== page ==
Figure 2. A) An 82-year-old male patient shown at postoperative month 1, following one aesthetic–unit surgery in the periorbital area and corrugators removal. This patient still has some residual, mild edema of the bilateral upper eyelids. B) A 58-year-old male patient shown at postoperative month 2 following one aesthetic–unit surgery in the periorbital area and corrugators removal. He still has more upper eyelid swelling on the right than the left. C) A 65-year-old female patient shown at postoperative month 4, following one aesthetic–unit surgery in the periorbital area and transconjunctival lower eyelid blepharoplasty with fat removal and repositioning. D) A 66-year-old female patient shown at postoperative month 3, following one aesthetic–unit surgery in the periorbital area. E) A 79-year-old male patient shown at postoperative month 4.5, following one aesthetic–unit surgery in the periorbital area and transconjunctival lower eyelid blepharoplasty with fat removal and repositioning.

We believe the lateral canthal angle is the keystone and anchor point in the periorbital aesthetic unit and thus proper surgical placement of the lateral canthus is paramount to successful surgery. The combined surgical approach described herein provides an effective method of restoring a natural, rejuvenated appearance to the lateral canthal angle. Lateral canthal resuspension allows us to effectively lengthen and raise the lateral canthal angle while simultaneously increasing its sharpness without disrupting the natural supporting tissues. The lower eyelid and midface are a continuum with the lateral canthus, and thus elevating and tightening the canthus simultaneously also improve lower eyelid rhytids and the appearance of the midface.

The one aesthetic–unit approach has numerous advantages. Use of a single incision increases our efficiency in the OR and leads to decreased surgery, along with its associated risks and costs. Rehabilitating the entire periorbital aesthetic unit in one session also requires only one recovery period and a single cosmetic incision site with less swelling, pain, morbidity, complications, and cost than other procedures in our experience.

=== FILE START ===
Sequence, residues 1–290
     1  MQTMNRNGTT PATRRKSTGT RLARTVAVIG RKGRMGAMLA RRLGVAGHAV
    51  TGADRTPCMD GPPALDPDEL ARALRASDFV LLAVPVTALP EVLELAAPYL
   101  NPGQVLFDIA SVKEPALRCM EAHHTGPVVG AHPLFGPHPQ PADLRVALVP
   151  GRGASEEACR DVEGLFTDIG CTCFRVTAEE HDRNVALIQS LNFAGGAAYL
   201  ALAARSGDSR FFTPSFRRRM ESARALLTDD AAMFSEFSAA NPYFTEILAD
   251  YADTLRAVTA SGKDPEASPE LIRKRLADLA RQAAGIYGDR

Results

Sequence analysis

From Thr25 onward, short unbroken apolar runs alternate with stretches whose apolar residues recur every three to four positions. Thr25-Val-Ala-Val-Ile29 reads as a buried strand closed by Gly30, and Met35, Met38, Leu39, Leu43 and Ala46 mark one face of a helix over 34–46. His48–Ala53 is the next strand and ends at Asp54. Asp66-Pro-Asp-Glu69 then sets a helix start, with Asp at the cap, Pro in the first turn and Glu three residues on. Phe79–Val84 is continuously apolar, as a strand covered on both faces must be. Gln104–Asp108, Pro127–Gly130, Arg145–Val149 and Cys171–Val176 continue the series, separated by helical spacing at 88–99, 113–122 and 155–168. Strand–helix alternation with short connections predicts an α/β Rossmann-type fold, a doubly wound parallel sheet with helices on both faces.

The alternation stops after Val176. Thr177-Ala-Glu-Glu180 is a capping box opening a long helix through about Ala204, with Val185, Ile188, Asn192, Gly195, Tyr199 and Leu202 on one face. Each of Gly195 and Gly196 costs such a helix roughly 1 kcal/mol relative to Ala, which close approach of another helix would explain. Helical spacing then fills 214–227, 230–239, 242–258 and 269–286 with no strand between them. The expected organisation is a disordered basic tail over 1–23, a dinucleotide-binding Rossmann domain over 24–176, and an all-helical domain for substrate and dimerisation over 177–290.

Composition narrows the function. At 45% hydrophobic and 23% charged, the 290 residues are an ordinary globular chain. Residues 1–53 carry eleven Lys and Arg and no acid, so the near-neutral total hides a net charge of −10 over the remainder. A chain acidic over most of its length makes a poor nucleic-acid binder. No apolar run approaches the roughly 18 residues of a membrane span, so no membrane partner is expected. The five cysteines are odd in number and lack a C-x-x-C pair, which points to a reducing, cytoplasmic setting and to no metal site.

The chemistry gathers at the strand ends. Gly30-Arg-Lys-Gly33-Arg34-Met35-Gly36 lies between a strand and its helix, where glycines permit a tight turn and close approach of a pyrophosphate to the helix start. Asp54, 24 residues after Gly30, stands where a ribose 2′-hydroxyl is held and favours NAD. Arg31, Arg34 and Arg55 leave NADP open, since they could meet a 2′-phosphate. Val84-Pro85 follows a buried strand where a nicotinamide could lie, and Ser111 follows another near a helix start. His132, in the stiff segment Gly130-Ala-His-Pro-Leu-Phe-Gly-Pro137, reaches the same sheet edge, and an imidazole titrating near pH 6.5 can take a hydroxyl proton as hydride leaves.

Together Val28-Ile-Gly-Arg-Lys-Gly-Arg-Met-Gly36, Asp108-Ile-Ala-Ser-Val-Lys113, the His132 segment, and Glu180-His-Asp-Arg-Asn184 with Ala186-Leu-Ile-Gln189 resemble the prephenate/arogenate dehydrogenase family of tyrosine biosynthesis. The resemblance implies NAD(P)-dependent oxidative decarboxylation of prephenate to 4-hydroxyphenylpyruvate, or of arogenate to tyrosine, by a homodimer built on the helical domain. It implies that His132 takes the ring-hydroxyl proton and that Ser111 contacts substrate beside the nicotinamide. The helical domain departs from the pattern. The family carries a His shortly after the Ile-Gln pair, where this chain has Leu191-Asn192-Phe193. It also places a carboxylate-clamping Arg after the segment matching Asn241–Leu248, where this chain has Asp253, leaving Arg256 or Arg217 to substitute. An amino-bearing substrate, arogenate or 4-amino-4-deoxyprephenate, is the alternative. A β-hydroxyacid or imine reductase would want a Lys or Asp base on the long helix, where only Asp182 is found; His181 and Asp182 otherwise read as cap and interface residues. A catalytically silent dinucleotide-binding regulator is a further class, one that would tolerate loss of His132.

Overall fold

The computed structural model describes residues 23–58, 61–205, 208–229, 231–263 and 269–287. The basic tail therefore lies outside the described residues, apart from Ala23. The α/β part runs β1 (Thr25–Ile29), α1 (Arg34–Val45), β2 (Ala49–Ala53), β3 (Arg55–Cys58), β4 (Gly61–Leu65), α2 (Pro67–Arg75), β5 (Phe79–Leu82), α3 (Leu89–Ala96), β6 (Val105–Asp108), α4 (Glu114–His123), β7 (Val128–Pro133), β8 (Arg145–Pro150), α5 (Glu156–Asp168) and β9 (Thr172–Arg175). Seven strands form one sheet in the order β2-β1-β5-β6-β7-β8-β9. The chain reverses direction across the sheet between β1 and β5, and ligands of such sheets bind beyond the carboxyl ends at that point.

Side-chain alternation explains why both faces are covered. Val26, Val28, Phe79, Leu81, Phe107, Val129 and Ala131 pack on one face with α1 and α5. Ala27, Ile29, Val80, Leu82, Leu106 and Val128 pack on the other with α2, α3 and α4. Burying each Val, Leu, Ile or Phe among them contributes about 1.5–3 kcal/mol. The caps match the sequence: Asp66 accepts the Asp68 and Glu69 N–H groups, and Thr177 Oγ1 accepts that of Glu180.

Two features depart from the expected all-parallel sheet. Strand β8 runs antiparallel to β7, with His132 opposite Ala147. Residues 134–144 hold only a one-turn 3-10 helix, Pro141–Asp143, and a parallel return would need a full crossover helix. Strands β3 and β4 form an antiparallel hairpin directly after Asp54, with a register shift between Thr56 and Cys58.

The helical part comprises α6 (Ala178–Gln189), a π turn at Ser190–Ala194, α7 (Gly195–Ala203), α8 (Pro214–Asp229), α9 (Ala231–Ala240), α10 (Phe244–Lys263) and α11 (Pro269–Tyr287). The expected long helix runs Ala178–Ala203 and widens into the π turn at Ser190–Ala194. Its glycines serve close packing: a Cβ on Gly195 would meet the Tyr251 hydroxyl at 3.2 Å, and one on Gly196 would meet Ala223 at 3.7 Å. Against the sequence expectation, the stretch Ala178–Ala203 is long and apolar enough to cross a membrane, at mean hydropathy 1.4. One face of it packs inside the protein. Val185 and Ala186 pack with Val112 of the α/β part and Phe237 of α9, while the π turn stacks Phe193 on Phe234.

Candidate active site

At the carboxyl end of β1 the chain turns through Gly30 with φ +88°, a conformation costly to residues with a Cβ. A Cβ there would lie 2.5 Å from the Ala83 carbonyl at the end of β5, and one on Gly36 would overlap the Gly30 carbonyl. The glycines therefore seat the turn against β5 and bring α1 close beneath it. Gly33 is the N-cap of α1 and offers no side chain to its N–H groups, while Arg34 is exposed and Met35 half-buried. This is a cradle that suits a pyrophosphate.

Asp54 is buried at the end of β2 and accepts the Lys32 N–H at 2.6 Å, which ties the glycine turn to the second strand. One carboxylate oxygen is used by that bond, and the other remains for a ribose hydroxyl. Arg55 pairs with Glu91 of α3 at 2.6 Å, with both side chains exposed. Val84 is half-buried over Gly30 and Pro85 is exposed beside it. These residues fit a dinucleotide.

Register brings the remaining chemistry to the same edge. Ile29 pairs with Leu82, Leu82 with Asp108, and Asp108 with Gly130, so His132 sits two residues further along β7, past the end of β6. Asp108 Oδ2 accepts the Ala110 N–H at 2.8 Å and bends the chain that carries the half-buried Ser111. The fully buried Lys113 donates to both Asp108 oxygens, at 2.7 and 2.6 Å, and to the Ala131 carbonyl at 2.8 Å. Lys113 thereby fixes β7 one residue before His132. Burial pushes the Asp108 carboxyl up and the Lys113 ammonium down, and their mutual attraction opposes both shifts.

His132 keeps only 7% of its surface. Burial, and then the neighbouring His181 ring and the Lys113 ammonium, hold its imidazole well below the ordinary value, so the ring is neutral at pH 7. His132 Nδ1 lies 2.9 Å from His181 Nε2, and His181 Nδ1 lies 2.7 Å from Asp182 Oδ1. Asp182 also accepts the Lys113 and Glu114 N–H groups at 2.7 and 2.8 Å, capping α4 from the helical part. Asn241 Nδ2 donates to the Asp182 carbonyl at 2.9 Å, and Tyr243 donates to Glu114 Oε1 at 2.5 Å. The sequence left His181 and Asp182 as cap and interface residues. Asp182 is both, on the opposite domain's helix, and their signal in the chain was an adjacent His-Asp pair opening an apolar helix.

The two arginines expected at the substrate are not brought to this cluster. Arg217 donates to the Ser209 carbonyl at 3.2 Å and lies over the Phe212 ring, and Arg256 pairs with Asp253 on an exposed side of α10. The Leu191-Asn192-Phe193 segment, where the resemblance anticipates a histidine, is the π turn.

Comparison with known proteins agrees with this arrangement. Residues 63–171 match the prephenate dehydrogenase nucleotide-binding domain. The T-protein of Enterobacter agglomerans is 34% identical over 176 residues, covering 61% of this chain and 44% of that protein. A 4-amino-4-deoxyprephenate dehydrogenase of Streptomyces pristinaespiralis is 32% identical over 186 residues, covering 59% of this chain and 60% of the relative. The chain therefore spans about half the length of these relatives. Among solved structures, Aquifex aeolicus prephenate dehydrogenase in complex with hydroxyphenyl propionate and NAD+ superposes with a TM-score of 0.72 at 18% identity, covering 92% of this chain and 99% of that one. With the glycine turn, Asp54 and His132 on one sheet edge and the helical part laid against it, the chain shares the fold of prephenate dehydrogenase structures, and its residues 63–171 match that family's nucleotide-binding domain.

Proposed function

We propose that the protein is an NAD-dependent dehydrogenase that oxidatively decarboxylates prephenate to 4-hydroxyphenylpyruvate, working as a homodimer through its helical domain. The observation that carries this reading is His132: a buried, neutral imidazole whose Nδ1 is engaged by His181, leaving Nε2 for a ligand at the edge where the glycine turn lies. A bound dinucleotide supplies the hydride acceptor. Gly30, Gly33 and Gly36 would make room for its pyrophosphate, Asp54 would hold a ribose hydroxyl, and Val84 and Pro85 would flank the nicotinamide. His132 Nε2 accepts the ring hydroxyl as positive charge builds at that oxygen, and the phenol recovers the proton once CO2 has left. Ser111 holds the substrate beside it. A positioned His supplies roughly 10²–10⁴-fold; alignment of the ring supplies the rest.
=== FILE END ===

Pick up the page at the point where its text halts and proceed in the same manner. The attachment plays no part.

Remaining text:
As cosmetic periorbital surgery has evolved, the line between functional and cosmetic surgery has become more blurred, with insurance covering less and patients expecting more. Most patients are no longer satisfied by the simple correction of a functional deficit. We believe they are justified in this belief, as correction of functional problems may further aggravate cosmetic problems. The modern patient is also more aware that overly aggressive cosmetic surgery leads to an unnatural appearance. Based on our examination and discussion with the patient, we recommend surgery that recreates the most natural and youthful appearance possible for the patient. Treating the entire periorbital aesthetic unit provides a powerful yet natural outcome.

1. Lemke BN, Stasior OG. The anatomy of eyebrow ptosis. Arch Ophthalmol. 1982;100(6):981-986.

2. Knize DM. An anatomically based study of the mechanism of eyebrow ptosis. Plast Reconstr Surg. 1996;97(7):1321-1333.

3. Burroghs JR, Bearden WH, Anderson RL, et al. Internal brow elevation at blepharoplasty. Arch Facial Plast Surg. 2006;8:36-41.

4. Georgescu D, Anderson RL, McCann JD. Brow ptosis correction: a comparison of five techniques. Facial Plast Surg. 2010(26);186-192.

5. Harstein M, Massry G, Holds J. Pearls and Pitfalls in Cosmetic Oculoplastic Surgery. New York: Springer. 2015.

6. Bearden WH, Anderson RL. Corrugator superciliaris muscle excision for tension and migraine headaches. Ophthal Plast Reconstr Surg. 2005;21:418-422.

7.Georgescu D, Anderson RL, McCann JD. Lateral canthal resuspension sine canthotomy. Ophthal Plast Recontr Surg. 2011;27:371-375.

8. Jordan DR, Anderson RL. The lateral tarsal strip revisited. The enhanced tarsal strip. Arch Ophthalmol. 1989;107:604-606.

9. Taban M, Nakra T, Hwang C, et al. Aesthetic lateral canthoplasty. Ophthal Plast Recontr Surg. 2010;26(3):190-194.

10. Olver JM. Surgical tips on the lateral tarsal strip. Eye (Lond).1998;12:1007-1012.

11. Vagefi MR, Anderson RL. The lateral tarsal strip mini-tarsorrhaphy procedure. Arch Facial Plast Surg. 2009;11(2):136-139.

Richard L. Anderson, MD
Richard L. Anderson, MD
  • eyelid and facial surgeon, AO Surgical Arts, Salt Lake City, Utah
  • financial interest: none acknowledged
Kian Eftekhari, MD
Kian Eftekhari, MD
  • assistant professor of ophthalmology at The University of North Carolina at Chapel Hill
  • financial interest: none acknowledged
Grant H. Moore, MD
Grant H. Moore, MD
  • eyelid and facial surgeon, AO Surgical Arts, Salt Lake City, Utah
  • financial interest: none acknowledged
Thomas J. Oberg, MD
Thomas J. Oberg, MD
  • eyelid and facial surgeon, AO Surgical Arts, Salt Lake City, Utah
  • financial interest: none acknowledged
Michael W. Worley, MD
Michael W. Worley, MD
  • surgeon, Eyelid and Facial Consultants, New Orleans
  • financial interest: none acknowledged